Nakba and Survival:The Story of Palestinians Who Remained in Haifa and the Galilee, 1948-1956 was published in Arabic in 2016 by the Institute for Palestine Studies. This year, an English translation of the book was published in collaboration with New Directions in Palestinian Studies at the University of California Press.
Beginning in 1948, Israeli paramilitary forces began violently displacing Palestinian Arabs from Palestine. Nakba and Survival tells the stories of Palestinians in Haifa and the Galilee during, and in the decade after, mass dispossession. Manna uses oral histories and Palestinian and Israeli archives, diaries, and memoirs to meticulously reconstruct the social history of the Palestinians who remained and returned to become Israeli citizens. This book focuses in particular on the Galilee, using the story of Manna’s own family and their village Majd al-Krum after the establishment of Israel to shed light on the cruelties faced by survivors of the military regime. While scholars of the Palestinian national movement have often studied Palestinian resistance to Israel as related to the armed struggle and the cultural struggle against the Jewish state, Manna shows that remaining in Israel under the brutality of occupation and fighting to return to Palestinian communities after displacement are acts of heroism in their own right.
The PDF of the English publication can be downloaded for free here.
Adel Manna is a professor of history and a historian who specializes in history of Palestine during the Ottoman period and the Palestinians in the 20th century. He published ten books and over 30 articles on the aforementioned topics. The Institute for Palestine Studies has published three of his books in Arabic on Ottoman Palestine including Nakba and Survival:The Story of Palestinians Who Remained in Haifa and the Galilee, 1948-1956 (2016) which has been translated to English and republished this year by the Institute and UC Press. He taught in several universities since the early 1980's including Bir Zeit and the Hebrew University. He recently concluded writing a biography of the Palestinian leader Ahmad Helmi Pasha (1882-1963) which is forthcoming.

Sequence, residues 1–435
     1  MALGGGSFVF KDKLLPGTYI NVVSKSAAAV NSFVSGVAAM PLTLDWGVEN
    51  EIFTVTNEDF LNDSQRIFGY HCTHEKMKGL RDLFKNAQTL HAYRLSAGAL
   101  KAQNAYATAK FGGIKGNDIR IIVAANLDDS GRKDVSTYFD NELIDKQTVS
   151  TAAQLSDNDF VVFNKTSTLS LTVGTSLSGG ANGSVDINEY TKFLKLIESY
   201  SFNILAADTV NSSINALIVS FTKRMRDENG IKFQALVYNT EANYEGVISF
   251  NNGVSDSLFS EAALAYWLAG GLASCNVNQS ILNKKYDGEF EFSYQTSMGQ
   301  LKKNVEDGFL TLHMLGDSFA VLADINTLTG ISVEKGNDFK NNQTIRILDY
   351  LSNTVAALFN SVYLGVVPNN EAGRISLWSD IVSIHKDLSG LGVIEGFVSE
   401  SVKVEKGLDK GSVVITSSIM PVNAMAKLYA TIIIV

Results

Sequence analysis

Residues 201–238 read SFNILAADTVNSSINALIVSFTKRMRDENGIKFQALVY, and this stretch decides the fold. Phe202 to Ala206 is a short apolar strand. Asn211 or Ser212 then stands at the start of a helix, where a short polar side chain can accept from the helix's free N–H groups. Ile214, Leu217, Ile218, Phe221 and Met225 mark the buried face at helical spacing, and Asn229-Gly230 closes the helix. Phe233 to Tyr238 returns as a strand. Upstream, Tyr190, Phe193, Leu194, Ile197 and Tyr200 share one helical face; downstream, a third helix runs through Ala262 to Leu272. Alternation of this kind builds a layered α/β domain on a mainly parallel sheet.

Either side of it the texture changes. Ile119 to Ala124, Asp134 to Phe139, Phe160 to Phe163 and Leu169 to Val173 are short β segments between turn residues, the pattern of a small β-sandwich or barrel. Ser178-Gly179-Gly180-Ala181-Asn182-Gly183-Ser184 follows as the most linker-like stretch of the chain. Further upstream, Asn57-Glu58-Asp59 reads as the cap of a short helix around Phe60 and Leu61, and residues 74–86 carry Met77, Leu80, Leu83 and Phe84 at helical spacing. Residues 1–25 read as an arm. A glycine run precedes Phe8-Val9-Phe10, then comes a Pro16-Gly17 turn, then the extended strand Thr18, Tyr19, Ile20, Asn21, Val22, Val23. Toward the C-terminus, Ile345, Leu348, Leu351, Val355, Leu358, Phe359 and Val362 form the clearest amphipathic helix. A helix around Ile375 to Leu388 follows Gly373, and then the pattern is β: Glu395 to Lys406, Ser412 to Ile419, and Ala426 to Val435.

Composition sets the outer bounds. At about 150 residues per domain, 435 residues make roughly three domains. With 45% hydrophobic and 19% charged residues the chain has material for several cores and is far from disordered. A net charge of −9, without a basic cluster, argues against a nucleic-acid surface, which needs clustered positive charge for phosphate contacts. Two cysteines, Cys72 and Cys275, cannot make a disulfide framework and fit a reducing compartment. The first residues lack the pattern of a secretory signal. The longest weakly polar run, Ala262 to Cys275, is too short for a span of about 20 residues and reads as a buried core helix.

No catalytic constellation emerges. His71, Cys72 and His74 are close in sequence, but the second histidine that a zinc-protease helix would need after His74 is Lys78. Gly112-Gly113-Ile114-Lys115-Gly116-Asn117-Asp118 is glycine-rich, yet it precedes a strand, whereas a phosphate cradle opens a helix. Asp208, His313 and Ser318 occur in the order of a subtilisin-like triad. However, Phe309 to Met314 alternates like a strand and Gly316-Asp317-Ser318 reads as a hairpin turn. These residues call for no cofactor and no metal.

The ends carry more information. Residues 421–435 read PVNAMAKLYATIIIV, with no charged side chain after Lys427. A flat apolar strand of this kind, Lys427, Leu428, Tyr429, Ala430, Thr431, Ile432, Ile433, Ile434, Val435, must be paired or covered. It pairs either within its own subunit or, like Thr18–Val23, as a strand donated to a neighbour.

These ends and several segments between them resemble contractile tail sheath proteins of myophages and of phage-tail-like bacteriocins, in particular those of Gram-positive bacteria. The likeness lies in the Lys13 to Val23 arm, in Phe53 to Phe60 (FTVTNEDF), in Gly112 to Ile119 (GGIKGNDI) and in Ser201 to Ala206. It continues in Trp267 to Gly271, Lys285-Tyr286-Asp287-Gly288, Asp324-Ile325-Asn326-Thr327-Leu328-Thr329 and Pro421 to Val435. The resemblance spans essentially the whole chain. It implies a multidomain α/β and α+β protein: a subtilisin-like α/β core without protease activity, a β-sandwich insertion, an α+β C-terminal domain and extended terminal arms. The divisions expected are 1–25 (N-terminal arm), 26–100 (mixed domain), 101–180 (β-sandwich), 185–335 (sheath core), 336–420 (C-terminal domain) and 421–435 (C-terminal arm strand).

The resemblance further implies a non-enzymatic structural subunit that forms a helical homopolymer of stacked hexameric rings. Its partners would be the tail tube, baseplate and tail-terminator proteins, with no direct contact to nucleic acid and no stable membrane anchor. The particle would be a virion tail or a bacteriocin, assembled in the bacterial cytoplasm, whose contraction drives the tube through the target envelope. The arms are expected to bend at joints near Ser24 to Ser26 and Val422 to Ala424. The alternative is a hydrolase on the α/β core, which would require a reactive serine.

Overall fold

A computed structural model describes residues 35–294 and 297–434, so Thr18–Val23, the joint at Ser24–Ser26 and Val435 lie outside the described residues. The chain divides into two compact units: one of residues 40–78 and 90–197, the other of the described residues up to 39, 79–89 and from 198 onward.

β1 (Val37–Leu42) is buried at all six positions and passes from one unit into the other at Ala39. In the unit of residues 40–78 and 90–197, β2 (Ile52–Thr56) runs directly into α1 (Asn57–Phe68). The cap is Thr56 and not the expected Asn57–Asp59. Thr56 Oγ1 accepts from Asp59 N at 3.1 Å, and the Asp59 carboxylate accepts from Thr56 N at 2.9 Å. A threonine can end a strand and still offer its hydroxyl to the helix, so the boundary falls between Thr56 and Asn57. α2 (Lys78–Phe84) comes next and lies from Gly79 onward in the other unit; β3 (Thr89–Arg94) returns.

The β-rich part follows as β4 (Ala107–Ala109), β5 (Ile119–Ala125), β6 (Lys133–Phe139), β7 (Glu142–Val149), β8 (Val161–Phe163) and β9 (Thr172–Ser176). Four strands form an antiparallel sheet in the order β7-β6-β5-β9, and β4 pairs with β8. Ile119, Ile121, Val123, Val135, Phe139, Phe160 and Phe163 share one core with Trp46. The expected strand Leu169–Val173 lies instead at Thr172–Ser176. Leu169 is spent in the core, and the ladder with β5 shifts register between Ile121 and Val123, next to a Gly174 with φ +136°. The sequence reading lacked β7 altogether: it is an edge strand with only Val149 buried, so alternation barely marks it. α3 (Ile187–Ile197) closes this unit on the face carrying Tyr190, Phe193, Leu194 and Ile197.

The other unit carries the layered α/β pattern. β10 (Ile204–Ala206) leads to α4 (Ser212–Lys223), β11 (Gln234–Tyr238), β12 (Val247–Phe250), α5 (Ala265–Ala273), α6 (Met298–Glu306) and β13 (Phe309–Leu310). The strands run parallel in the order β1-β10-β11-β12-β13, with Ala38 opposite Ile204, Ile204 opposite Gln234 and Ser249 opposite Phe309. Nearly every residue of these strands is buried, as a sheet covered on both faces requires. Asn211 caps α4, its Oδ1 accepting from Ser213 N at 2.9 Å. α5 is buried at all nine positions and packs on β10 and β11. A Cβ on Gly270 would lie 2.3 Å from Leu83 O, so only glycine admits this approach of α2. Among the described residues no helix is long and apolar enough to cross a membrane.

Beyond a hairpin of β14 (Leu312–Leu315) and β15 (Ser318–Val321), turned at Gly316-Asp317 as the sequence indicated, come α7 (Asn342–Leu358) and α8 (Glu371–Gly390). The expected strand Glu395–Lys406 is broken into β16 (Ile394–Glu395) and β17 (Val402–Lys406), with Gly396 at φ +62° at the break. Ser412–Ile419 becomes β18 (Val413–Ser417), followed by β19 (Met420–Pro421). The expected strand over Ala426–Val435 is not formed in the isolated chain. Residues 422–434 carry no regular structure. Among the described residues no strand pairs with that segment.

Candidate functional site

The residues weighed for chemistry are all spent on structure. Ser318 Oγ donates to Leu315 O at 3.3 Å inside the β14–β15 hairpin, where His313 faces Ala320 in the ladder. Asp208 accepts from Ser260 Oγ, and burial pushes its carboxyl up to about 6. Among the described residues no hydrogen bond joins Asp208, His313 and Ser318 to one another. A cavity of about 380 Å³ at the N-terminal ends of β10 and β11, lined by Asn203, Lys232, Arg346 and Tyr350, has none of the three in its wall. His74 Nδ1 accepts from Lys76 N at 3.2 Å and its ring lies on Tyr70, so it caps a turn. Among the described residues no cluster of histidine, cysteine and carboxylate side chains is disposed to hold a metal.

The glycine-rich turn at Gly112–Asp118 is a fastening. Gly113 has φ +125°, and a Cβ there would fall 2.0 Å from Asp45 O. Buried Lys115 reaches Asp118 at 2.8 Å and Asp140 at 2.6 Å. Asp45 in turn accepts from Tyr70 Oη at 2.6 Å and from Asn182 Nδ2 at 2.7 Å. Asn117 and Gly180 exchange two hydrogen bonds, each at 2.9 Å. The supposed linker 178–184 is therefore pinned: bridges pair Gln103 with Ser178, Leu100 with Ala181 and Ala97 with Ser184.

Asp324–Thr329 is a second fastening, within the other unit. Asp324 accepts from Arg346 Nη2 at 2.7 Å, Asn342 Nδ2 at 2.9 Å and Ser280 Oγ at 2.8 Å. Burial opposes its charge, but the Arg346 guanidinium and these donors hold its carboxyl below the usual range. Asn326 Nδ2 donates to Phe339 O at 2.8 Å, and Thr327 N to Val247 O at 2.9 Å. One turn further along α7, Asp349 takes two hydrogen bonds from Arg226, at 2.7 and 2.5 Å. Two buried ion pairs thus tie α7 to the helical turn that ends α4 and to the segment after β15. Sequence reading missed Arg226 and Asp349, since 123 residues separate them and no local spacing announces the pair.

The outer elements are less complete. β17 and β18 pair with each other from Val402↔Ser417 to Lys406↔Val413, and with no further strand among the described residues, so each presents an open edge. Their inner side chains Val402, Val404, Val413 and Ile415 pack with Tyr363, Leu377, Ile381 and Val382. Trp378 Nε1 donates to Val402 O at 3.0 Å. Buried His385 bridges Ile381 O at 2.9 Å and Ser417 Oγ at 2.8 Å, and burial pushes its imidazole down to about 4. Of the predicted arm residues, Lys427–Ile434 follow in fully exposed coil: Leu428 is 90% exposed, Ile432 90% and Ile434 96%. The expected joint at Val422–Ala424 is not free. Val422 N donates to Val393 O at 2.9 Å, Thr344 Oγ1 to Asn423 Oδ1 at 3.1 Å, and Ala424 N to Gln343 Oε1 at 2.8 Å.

Dr. Maha Nassar is an associate professor in the School of Middle Eastern and North African Studies at the University of Arizona, where she specializes in the cultural and intellectual history of the modern Arab world. She holds a Ph.D. in Near Eastern Languages and Civilizations from the University of Chicago. Her award-winning book, Brothers Apart: Palestinian Citizens of Israel and the Arab World (Stanford University Press, 2017), examines how Palestinian intellectuals inside the Green Line connected to global decolonization movements through literary and journalistic writings. Her scholarly articles have appeared in the Journal of Palestine Studies, Arab Studies Journal, and elsewhere. A 2018 Public Voices Fellow with the OpEd Project, Dr. Nassar’s analysis and opinion pieces have appeared widely, including in The Washington Post, The Conversation and +972 Magazine. As a 2022 non-resident fellow at the Foundation for Middle East Peace, she joins FMEP in developing public programming, including podcasts and webinars. Dr. Nassar’s current book project is a global history of Palestine’s people.
Dr. Areej Sabbagh-Khoury is senior lecturer of sociology and anthropology at the Hebrew University of Jerusalem. Her research interests lie in political and historical sociologies, settler colonialism, memory, indigenous studies, and critical social theory. Her forthcoming book Colonizing Palestine: The Zionist Left and The Making of the Palestinian Nakba (Stanford University Press) examines encounters between kibbutz settlers and Palestinian inhabitants in Northern Palestine’s Jezreel Valley before, during, and after 1948. Drawing on resources uncovered in the settler colonial archive, it demonstrates the coloniality of socialist Zionist settlers’ practices of purchase, expropriation, and accumulation by dispossession and how their representation of the past facilitated disavowal of the indigenous right to sovereignty. Sabbagh-Khoury received her Ph.D. in sociology from Tel Aviv University and has held postdoctoral appointments at Columbia, New York, Brown, and Tufts Universities. Sabbagh-Khoury has extensive research and teaching experience at leading universities including Columbia University, New York University, Brown and Tuft Universities. Her research has been generously supported by institutions like Fulbright, PARC; New York University, Columbia and Tufts University, and lately Guggenheim. She has published articles in different journals such as Politics and Society, Theoretical Sociology, Theory and Society, and Current Sociology. She is a member of the board of Mada al-Carmel—Arab Center for Applied Social Studies and its academic research committee.